Deep breathing is always an option. This works for me, so it's worth a try, but I always focus inwards. Not at my emotions, but actual physical things. Feeling my toes wiggle, my fingers wiggle. Focusing on the weight of myself in my chair, or my feet if standing. Sometimes deep breathing is hard for me until I try these things, it sort of removes myself from the situation without doing so physically, giving me time to cool it a little.
Take my time with them and be patient and not let the anger build up inside of me and not let it out there and then.
You can take your breath and sort your thoughts. You can communicate how you feel , in a calm way. And always remember your breath
Think is causing scene worth it. There is a place and time for everything. If you think its not worth the reaction don't bother doing it. Wait till you have your private space to vent.
it is a tough situation when you angry and even more tougher when you can't leave , the golden rule i follow is to not speak when you are angry , drink a glass of water slowly , keep yourself occupied and don't speak , don't react , you will be glad afterwards
Breathe deeply and remember they are not worth all of your negative energy. Giving them people the time of day is what they want if you think they are intentionally doing so, if you think you can control your anger, have a calm chat with them about how they have made you feel.
Separate your mind from the situation. Drift into something else. Your body can sit there, but you can take your mind elsehwhere.
Try to calme down. Don't say anything that you may regret later. See things from the other person's perspective and try to make a compromise so both of you can continue your day afterwards. Even if you don't agree with the other person, try to be calm as long as you are in the same room. When you leave the room, you can let your frustration out, but not before that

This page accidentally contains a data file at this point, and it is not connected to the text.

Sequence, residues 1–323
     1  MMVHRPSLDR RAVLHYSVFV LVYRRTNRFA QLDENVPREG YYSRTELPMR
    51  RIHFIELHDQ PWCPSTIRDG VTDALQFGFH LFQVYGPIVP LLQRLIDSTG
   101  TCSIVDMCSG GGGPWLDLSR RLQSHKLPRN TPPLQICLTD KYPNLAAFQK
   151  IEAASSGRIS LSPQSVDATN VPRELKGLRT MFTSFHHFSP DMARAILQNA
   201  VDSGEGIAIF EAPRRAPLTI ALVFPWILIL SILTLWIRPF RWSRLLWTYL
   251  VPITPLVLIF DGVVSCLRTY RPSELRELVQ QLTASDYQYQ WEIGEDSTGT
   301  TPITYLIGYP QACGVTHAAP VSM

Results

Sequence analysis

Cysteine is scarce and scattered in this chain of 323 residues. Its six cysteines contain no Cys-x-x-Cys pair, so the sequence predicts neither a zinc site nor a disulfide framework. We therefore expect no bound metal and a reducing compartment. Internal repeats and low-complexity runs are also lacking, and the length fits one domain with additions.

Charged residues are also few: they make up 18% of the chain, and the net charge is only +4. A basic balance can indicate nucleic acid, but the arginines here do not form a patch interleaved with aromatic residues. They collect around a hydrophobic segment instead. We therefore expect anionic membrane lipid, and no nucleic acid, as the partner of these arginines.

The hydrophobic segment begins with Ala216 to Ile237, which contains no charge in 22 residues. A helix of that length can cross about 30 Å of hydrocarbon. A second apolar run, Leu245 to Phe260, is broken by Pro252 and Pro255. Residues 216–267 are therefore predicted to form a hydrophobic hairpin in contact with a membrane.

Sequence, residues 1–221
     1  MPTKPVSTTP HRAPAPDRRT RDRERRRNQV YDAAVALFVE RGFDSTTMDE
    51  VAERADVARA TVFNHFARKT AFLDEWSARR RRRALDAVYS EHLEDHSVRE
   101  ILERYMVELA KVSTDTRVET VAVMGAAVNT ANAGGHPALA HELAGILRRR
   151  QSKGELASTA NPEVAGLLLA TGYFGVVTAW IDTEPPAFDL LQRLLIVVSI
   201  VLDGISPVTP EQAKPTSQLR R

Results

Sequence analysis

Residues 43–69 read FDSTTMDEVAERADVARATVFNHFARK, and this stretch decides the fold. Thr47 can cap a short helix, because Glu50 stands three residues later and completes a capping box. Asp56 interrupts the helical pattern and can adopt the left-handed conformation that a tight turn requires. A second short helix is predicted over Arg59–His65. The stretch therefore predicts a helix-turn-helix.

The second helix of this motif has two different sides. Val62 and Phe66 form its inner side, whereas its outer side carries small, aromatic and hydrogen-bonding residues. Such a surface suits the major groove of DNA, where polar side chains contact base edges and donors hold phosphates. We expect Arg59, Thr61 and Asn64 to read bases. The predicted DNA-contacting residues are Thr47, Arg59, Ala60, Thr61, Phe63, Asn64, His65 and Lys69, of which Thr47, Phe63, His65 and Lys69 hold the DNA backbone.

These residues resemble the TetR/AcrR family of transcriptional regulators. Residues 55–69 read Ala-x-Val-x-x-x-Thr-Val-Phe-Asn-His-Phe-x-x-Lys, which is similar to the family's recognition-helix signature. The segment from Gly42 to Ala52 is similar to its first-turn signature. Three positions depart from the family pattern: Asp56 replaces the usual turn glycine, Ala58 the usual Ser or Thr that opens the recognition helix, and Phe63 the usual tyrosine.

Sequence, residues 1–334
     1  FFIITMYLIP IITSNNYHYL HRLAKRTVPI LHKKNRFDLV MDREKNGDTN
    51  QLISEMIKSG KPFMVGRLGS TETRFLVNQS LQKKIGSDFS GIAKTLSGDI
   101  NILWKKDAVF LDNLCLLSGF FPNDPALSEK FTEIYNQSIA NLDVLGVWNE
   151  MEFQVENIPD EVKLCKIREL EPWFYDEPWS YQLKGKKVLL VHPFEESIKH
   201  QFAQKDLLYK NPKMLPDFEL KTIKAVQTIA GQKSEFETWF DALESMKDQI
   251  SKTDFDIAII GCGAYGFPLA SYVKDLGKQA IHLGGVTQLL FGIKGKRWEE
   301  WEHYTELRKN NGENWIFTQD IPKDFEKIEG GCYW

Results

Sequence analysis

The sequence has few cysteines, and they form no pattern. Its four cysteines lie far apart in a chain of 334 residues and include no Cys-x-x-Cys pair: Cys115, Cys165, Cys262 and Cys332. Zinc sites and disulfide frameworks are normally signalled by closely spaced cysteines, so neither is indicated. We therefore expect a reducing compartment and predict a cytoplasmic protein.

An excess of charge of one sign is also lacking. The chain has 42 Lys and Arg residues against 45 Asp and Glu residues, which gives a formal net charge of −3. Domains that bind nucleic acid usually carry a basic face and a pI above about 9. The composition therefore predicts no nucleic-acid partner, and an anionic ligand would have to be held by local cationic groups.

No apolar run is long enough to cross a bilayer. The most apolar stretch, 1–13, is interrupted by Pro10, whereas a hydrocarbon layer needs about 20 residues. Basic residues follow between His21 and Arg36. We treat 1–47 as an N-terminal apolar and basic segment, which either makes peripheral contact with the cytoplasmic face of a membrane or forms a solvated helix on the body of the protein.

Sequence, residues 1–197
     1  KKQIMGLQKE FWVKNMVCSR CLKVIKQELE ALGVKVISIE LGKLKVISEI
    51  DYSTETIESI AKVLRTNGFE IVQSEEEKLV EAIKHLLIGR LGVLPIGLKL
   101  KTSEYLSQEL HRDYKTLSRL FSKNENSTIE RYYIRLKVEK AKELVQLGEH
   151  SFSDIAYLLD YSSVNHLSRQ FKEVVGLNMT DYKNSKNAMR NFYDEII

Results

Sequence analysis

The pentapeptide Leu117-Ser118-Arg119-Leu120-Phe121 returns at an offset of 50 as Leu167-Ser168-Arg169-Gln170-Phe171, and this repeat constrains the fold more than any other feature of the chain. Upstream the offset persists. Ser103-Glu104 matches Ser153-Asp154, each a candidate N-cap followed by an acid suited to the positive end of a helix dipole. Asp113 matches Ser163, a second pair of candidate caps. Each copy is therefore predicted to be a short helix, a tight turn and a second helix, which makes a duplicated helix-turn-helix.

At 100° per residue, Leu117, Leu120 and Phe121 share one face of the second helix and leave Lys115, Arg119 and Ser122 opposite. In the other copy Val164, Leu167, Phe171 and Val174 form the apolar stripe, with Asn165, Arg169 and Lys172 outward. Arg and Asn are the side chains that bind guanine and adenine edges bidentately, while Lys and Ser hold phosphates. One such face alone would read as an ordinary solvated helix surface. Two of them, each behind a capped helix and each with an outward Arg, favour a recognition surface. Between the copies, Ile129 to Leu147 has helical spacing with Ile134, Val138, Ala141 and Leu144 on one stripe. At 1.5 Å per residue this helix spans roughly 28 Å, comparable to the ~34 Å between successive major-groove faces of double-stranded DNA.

Take a moment for yourself in the conversation, either while they are talking or in a conversational pause, just to think, to acknowledge and process your feelings so that your words can then express honestly and calmly how you feel - from a place that has considered what you are going to say and the impact what you say will have on you, the other person and the situation. Or if you need more time to understand and process your anger then express to the person that you're troubled or need a moment to process something that they've said, and take a moment to yourself away from that conversation to think to yourself - as long as you express this clearly to the other person then they'll understand that you're upset, that you are being mature and trying to deal with it in a thoughtful way, and they'll be given a moment to consider, process and address what they might've said that lead to this outcome.
I can recommend trying to see the situation from their perspective. Maybe they're inexperienced, vulnerable, or even unaware that their behaviour angers you. It can be hard to control your emotions like anger, but this is how you may calm down and look at the situation in a different way. Insulting them can provoke their anger and make the situation even worse than it was before, so try to avoid doing that. However, just because you are trying to understand their position, doesn't mean they are right and that you have to give way to them. Find a balance to resolve the conflict.
Know that your emotions are products of your mind, like thoughts, and that they don't have to control you. You can decide to act on them or not. Trying to control emotions can be hard and often unsuccessful, but you can accept your anger and give it space to exist in you. Recognising the emotion and being a few moments with it, listening to what it has to tell you, will free your mind for making the actions that are actually valuable for you. Breathing and mindfulness exercise can help in becoming more conscious of your emotions in that sense. The anger will not disappear, but it will not control you either.
Related Questions: What can I do when I'm really angry at someone but can't immediately leave the situation?
I have very rapid mood swings, what's the best way to manage them so no one gets hurt?I find myself thinking of people as useless and tedious. What's wrong with me?Why do I feel worse after crying?Are psychopaths necessarily bad people? What's the point of happiness if I don't want it?Am I depressed or just sensitive? How do you know if you're truly happy?I can't stop crying for days on end. What do I do?Why do I compare everyone to my bad relationship?How do I prevent negative thinking?